Eric Swyngedow’s paper ‘Apocalypse Forever? Post-Political Populism and the Spectre of Climate Change’ is a challenging read for those of us without a doctorate political science. It is however an interesting insight into the relationship between climate change and the shift of political power to the technocrats as regular people become further removed from the political sphere. These are 2 topics I did not think of as related before this reading, however I will below attempt to explain my understanding of this paper (in much simpler language) woven with my opinions and critiques.

Eric Swyngedow seems to be of the opinion that the policies adopted to combat the climate change problem are being mobilized to solidify a state of being where there are no opposing systems of governance upon which society can be built beyond capitalism. In a time where climate change has been heavily politicized, he finds it paradoxical that political philosophers are claiming that the trend politically over the last few decades has been to remove the power of decision-making from the people and deliver it to private entities. He speaks of a global consensus on the causes and solutions to the problem. Failure to align with these globally accepted principles leaves one as an outlier subject to ridicule. The framework surrounding the discourse is capitalism and all the problems and solutions lie within this framework to which there is no alternative.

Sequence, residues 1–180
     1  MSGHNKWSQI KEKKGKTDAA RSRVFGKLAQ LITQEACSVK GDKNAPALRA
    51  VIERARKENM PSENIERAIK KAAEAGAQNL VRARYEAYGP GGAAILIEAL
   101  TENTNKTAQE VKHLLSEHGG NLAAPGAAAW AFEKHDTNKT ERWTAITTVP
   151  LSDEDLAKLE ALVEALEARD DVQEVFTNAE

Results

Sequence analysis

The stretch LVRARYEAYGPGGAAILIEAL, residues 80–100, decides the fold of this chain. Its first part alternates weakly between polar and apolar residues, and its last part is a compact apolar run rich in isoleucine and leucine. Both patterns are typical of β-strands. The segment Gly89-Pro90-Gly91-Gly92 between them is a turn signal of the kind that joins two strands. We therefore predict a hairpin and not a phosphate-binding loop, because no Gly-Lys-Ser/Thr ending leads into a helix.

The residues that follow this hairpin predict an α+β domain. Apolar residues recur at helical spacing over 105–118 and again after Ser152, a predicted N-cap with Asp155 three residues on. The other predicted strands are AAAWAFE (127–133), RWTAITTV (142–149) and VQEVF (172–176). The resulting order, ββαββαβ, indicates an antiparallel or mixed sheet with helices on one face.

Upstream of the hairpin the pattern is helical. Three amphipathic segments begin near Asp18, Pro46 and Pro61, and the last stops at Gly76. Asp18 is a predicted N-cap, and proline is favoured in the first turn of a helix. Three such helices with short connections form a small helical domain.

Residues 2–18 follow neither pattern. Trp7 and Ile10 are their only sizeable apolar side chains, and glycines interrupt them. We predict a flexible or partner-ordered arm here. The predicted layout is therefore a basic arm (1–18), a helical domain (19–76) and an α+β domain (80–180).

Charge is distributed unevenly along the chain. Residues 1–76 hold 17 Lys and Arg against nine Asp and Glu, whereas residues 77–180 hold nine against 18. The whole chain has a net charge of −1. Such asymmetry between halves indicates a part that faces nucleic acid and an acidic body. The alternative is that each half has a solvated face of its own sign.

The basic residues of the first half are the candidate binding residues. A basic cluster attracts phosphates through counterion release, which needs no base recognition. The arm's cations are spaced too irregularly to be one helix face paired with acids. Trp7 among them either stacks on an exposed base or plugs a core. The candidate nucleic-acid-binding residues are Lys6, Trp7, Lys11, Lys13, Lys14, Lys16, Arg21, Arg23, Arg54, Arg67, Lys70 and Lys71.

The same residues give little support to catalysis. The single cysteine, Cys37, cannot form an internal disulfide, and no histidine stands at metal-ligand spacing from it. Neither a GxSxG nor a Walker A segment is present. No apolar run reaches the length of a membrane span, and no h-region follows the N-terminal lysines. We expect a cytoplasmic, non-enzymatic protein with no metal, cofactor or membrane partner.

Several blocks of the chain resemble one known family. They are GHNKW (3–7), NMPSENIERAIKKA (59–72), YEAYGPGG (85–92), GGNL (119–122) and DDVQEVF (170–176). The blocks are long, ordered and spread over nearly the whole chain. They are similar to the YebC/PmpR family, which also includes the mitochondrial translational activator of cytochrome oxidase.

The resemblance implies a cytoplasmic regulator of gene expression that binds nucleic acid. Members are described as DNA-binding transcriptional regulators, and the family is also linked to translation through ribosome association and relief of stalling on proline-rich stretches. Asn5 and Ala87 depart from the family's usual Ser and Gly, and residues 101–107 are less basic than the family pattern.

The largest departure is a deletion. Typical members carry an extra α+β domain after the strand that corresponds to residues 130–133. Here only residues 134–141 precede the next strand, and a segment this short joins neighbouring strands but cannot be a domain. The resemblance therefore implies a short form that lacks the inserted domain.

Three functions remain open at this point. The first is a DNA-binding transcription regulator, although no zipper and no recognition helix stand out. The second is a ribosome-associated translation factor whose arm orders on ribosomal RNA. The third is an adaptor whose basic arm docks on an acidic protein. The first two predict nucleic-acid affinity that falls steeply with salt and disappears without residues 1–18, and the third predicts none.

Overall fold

He maintains that the discourse surrounding sustainability is being used to continue to wrest power from the people and speaks of the use of apocalyptic imagery as a means of ensuring that the climate discourse remains urgent. This has allowed major polluters such as shell and BP to rebrand and seemingly join hands with the world against this ‘future catastrophe’ giving them freedom to pretend that their activities are not already literally fueling ecological catastrophes. Swyngedow speaks of setting up C02 as a strawman, which in turn has created more opportunities for capitalism to thrive through media such as the speculation of C02 futures. C02 has been simplified into the main enemy which if vanquished we can continue to produce and consume as we have been doing, preventing any sort of actual radical change to how we live. The narrative is that sustainability can be achieved once we control our emissions. Although this is a scientific fact, he argues that it has been elevated beyond science into what he refers to as a matter of concern, borrowing from Bruno Latour’s concept of matters of fact versus matters of concern. Matters of concern are inherently political and elevating scientific fact to a matter of concern elevates it to a status that is above questioning.